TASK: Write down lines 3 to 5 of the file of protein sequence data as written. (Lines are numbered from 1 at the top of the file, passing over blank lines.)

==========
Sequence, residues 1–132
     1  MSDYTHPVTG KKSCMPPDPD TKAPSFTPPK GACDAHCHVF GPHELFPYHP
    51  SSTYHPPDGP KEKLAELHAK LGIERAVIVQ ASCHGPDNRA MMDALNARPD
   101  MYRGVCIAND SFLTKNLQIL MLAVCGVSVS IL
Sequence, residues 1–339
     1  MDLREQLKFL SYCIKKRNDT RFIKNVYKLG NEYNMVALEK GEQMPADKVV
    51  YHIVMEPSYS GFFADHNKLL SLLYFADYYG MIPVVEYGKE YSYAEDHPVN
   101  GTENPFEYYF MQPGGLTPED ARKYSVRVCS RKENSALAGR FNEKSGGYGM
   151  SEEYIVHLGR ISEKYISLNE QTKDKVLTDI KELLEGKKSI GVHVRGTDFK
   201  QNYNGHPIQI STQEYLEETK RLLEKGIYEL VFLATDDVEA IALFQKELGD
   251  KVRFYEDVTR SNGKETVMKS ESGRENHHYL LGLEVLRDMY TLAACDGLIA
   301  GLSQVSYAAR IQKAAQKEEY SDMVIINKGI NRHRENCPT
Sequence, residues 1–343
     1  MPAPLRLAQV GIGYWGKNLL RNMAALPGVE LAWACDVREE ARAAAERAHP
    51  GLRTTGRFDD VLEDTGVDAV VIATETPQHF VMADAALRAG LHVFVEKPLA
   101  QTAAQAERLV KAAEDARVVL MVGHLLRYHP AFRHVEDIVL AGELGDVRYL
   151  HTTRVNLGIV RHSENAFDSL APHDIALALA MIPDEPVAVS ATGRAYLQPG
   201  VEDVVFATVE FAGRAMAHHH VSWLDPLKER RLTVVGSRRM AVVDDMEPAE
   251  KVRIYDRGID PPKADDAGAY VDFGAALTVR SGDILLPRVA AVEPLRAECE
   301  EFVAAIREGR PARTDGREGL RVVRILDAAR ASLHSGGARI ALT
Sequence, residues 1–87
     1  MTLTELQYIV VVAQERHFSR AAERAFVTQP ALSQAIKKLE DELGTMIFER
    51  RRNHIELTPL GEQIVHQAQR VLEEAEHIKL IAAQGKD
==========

    51  SSTYHPPDGP KEKLAELHAK LGIERAVIVQ ASCHGPDNRA MMDALNARPD
   101  MYRGVCIAND SFLTKNLQIL MLAVCGVSVS IL
Sequence, residues 1–339